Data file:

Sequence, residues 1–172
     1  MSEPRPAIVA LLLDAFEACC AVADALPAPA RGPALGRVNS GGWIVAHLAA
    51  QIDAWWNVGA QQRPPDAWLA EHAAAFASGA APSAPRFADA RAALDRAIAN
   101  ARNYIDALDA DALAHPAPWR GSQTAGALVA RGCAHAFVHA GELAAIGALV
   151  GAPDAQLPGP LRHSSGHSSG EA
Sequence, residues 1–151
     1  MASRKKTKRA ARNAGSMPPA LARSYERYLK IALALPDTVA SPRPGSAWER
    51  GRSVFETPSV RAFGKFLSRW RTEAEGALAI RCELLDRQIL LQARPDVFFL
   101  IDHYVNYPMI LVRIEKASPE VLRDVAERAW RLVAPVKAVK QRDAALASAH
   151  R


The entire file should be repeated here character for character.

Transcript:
Sequence, residues 1–172
     1  MSEPRPAIVA LLLDAFEACC AVADALPAPA RGPALGRVNS GGWIVAHLAA
    51  QIDAWWNVGA QQRPPDAWLA EHAAAFASGA APSAPRFADA RAALDRAIAN
   101  ARNYIDALDA DALAHPAPWR GSQTAGALVA RGCAHAFVHA GELAAIGALV
   151  GAPDAQLPGP LRHSSGHSSG EA
Sequence, residues 1–151
     1  MASRKKTKRA ARNAGSMPPA LARSYERYLK IALALPDTVA SPRPGSAWER
    51  GRSVFETPSV RAFGKFLSRW RTEAEGALAI RCELLDRQIL LQARPDVFFL
   101  IDHYVNYPMI LVRIEKASPE VLRDVAERAW RLVAPVKAVK QRDAALASAH
   151  R